Finally there’s the faceplates, which give the console a new level of customisation. The top plate snaps on and off fairly easily, whilst the bottom one requires a screwdriver. Removing this plate is also necessary for changing memory cards (now a microSD). Whilst this may create a bit of hassle setting up the system, I’ve found changing memory cards to be such an infrequent occasion that having it hidden behind screws isn’t much of an issue. Meanwhile the ability to change faceplates is great, especially as Nintendo is bound to release a tonne of great variants only in Japan (this will happen). Unlike region locked consoles, these are items that can be imported easily.
The New 3DS XL does not have swappable faceplates, and the coloured button effect is far more subtle. As I don’t own one I cant make a full comparison to the standard console, although for me personally the XL is missing two great features. I’ve also found that many games have jagged edges when upscaled for the larger device. Sure, the screens are bigger, but the pixel density is less. For some strange reason, it’s only the New 3DS XL that Nintendo is releasing in North America.
Notable improvements for the New 3DS continue to make themselves apparent once the console has been booted up. The more stable 3D effect stands out immediately; the front facing camera now tracks your head and adjusts the display according to the movements of your face. I’ve personally always been a fan of the 3D, so it’s great to have a console on which it works even better.
There are also minor improvements to the screens and a new, more powerful CPU. For now this means faster boot times and an OS that runs smoother, although new games that will take full advantage of this power are on the horizon. The first will be Xenoblade Chronicles, which was one of my all time favourite Wii games. There’s a good chance this will be a game worth buying the system for.
The console also has amiibo support, although if that’s why you’re buying it then you may have your priorities wrong. Unfortunately I don’t own any amiibo figures, although I’m sure this function works fine and stuff.
Almost all that the New 3DS does has impressed me hugely. The only thing that really frustrates me is Nintendo’s options for copying, or rather ‘transferring’ data between systems. This applies to other renditions of the 3DS too, although now there’s even more opportunities to end up with multiple systems. In comparison to the Vita, which allows you to manage the same account on more than one device, your Nintendo ID and purchases are tied to a specific console. The only option for using this content on your New 3DS is a one way transfer that moves everything over before performing a factory reset. Also note that some games have partial save data that is also locked to your account. Want to keep your old system the way it is and play Persona Q on the new one? That’s fine, but you can’t have your map data (a big deal if you have Persona Q and know what map data is). Other games such as Fantasy Life tie so much data to your account that your only options are a data transfer or starting again.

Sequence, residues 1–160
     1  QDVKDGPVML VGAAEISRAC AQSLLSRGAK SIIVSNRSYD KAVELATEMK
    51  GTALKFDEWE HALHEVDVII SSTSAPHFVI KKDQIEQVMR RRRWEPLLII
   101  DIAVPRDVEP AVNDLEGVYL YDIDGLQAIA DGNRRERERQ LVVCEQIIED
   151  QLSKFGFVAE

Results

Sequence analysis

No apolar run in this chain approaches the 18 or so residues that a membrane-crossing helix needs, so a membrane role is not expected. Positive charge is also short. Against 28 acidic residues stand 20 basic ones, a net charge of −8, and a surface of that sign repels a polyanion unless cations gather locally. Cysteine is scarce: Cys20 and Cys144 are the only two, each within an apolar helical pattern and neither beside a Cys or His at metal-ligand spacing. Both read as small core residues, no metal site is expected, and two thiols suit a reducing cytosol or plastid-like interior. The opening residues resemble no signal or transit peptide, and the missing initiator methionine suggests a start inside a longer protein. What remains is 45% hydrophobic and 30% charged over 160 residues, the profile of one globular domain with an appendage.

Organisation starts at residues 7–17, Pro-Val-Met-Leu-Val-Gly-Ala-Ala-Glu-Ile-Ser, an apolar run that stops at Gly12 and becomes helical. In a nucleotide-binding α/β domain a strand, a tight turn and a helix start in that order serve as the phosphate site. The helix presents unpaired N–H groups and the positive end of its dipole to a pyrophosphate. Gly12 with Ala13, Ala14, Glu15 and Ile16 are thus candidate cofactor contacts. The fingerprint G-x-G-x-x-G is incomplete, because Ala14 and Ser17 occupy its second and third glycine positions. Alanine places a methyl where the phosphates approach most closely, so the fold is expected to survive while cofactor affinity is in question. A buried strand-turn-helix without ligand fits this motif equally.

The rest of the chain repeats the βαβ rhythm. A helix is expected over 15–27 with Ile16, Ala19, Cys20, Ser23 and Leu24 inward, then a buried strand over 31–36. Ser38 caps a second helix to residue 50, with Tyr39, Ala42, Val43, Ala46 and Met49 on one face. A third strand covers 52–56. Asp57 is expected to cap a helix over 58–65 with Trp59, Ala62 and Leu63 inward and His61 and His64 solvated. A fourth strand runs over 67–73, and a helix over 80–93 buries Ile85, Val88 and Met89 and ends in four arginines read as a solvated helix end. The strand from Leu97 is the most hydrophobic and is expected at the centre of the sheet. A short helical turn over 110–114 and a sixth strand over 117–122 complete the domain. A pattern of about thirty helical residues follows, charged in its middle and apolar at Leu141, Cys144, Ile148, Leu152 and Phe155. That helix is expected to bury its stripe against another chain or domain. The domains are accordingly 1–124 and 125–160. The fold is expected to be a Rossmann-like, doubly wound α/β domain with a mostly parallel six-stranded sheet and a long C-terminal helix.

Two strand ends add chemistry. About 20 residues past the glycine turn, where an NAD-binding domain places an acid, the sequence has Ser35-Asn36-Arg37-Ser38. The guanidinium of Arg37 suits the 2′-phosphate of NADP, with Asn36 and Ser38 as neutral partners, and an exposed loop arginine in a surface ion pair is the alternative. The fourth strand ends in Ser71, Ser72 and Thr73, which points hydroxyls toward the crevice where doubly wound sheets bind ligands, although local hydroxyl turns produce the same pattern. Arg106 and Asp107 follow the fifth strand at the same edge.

What’s most annoying is how well other consoles can synchronise data. The Xbox One for example provides such seamless and well designed features that it boarders on arrogance at how confident Microsoft must have been that people would buy multiple Xbox One systems. And this is a console for which so many parts of the OS are so far from perfect. And a console where the only variants are cosmetic (you can have it in any colour as long as it’s black… or white or Call of Duty colour). Meanwhile you now have five different 3DS models (regular, extra large, 2D slab, New regular and New XL) with countless cosmetic variations. So out of the 45 million sales I’m pretty sure a fair few people have ended up with two.. or more.
Aside from the frustrating data transfer, everything else I’ve got to say about the New 3DS is extremely positive. Whilst many will probably see it as the console the 3DS should have always been, I personally thought the original system was great. The New 3DS is not just great – it’s really great, with a lot of new, notable features. The Ambassador Edition items are nice too, although don’t set this version of the console too far apart from the retail version. Still, it does have a really cool set of faceplates.